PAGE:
BAMAKO (Reuters) - Former foreign minister Moctar Ouane was named as Mali’s interim prime minister, state television said on Sunday, a move likely to trigger the lifting of sanctions imposed by the West Africa regional bloc in the aftermath of the military coup last month.
The Economic Community of West African States (ECOWAS) said on Friday it would lift sanctions, which have caused imports to the landlocked country to slump 30%, once a civilian premier was named.
It had softened initial demands that a purely civilian leadership be installed, and the appointment of Ouane comes two days after retired colonel Bah Ndaw was sworn in as president, and coup-leader Colonel Assimi Goita as vice president.
International powers feared the coup could further destabilise the country and undermine a joint fight against Islamist insurgents there and in the wider Sahel region.
A veteran diplomat, Ouane, 64, served as Mali’s ambassador to the United Nations in 1995-2002, and as foreign minister in 2004-2011.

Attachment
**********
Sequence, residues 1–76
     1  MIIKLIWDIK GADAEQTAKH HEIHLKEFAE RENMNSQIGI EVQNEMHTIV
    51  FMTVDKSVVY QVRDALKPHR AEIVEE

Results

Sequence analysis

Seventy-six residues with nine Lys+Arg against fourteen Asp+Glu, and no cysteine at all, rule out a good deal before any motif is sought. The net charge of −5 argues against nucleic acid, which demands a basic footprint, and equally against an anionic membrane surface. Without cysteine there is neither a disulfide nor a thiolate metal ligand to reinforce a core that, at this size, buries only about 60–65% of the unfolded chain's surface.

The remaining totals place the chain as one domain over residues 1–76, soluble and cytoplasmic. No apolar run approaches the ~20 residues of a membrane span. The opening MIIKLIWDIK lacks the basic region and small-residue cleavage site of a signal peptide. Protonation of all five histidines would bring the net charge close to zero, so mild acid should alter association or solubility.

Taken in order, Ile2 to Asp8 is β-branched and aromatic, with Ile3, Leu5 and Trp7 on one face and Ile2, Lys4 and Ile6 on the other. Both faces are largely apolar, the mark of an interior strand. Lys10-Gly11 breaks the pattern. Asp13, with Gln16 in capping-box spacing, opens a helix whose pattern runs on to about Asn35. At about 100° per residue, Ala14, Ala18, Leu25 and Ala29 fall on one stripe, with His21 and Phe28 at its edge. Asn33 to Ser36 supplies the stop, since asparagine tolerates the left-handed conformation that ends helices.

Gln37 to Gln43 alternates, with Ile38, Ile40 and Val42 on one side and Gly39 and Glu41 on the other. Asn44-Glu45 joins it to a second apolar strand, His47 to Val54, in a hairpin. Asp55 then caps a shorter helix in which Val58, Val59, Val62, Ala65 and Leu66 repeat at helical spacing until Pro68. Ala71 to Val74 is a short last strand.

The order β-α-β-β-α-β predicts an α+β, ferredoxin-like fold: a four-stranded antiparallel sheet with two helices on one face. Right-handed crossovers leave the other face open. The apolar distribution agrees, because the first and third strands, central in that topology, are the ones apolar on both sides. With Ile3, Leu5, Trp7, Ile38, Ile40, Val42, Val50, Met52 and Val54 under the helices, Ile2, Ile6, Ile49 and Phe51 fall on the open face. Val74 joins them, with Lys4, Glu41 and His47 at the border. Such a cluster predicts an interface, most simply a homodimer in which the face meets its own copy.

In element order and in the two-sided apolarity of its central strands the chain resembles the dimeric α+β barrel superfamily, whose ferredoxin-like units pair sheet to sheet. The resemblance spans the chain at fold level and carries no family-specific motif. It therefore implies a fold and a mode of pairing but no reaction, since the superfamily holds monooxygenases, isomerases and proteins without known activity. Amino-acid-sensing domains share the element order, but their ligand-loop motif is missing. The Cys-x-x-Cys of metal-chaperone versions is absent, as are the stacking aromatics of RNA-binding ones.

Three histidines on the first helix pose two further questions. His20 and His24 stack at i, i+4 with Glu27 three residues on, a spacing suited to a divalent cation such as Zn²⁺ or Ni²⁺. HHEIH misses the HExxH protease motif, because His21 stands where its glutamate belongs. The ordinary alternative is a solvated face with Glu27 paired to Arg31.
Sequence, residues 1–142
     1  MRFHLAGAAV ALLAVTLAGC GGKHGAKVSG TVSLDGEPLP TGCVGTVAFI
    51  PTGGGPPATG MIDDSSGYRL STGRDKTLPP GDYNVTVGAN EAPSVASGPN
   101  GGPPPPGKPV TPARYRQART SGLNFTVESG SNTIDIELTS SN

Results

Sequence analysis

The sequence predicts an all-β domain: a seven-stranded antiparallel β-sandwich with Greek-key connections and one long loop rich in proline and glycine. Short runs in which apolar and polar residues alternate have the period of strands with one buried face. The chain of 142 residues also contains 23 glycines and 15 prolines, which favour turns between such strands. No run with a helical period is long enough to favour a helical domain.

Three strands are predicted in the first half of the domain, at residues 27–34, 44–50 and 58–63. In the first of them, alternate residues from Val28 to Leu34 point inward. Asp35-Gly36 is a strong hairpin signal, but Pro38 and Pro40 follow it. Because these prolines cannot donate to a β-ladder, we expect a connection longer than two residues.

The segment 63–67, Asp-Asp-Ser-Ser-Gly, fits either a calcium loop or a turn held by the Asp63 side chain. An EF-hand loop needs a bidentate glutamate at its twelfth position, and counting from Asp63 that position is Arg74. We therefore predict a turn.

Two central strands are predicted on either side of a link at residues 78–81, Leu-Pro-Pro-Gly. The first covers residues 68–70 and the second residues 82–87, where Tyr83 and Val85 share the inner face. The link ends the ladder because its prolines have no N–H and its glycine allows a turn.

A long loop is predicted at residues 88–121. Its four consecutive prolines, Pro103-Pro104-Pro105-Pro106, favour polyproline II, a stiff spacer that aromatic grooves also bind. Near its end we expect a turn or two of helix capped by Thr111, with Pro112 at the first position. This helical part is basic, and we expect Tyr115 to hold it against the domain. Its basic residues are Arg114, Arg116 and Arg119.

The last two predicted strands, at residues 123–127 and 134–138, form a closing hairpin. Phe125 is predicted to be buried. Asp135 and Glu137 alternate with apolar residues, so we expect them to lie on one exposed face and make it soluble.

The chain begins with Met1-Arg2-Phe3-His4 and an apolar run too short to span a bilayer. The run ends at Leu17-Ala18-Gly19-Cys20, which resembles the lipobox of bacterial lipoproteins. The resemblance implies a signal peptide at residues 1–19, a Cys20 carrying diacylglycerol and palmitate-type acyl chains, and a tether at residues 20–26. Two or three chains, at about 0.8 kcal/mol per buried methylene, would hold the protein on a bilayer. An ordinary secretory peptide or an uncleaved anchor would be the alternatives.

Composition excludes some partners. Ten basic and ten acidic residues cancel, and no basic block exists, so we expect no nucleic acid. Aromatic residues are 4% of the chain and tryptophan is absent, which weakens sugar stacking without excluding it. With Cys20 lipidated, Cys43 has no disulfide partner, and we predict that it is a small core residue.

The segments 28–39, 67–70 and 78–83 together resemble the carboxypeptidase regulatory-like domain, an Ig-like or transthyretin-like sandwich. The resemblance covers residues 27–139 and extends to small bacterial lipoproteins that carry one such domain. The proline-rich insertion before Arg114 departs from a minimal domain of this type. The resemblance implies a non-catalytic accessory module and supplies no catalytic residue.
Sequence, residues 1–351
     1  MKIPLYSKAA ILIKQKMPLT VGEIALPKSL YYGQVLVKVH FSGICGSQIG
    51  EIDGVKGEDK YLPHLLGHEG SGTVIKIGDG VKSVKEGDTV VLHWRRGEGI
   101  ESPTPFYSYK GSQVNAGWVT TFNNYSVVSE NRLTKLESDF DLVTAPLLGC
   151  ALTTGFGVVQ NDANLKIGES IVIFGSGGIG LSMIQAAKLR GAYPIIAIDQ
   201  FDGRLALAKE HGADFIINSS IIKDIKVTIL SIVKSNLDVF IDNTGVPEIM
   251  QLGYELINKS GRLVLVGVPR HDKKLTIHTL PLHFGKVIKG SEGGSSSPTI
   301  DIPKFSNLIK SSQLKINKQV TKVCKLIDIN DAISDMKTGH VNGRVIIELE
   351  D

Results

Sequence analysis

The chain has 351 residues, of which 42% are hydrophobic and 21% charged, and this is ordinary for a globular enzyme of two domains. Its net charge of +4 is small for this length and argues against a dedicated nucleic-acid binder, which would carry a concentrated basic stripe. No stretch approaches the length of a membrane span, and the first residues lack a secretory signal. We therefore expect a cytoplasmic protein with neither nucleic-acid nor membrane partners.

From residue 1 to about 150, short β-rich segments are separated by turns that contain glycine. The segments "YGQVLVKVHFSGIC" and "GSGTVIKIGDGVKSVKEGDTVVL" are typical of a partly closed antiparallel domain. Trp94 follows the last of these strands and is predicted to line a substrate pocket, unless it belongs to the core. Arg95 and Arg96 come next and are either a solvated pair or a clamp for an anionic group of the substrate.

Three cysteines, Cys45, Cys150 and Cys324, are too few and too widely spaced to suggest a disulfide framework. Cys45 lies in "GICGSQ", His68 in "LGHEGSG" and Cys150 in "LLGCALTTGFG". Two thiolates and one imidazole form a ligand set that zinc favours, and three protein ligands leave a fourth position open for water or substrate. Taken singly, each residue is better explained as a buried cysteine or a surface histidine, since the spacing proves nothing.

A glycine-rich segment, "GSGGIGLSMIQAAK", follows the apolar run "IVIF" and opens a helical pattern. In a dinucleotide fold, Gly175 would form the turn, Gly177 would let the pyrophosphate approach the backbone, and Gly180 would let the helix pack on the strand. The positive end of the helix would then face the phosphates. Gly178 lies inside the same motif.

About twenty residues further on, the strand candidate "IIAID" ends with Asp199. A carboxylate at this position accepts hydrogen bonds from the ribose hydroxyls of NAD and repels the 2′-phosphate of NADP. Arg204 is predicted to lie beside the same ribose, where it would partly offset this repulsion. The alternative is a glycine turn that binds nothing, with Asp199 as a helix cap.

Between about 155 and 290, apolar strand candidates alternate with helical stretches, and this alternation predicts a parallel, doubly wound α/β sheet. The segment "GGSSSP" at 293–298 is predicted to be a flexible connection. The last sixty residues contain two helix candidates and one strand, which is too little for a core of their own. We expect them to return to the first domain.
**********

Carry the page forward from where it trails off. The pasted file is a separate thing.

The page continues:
The men will be tasked with overseeing an 18-month transition back to civilian rule after the Aug. 18 overthrow of President Ibrahim Boubacar Keita.
Ndaw, a retired colonel and former defence minister, signed a decree authorising Ouane’s selection, which the M5-RFP coalition of opposition groups welcomed, even though he was not their first choice.
“The M5-RFP must be willing to focus on the struggle, the reforms, the transparent elections, the crisis in the north and the centre... to support men capable of bringing the country out of this crisis,” said Nouhoum Togo, the group’s spokesman.
Reporting by Cheick Diouara and Tiemoko Diallo; Writing by Hereward Holland; Editing by Bate Felix and Alison Williams
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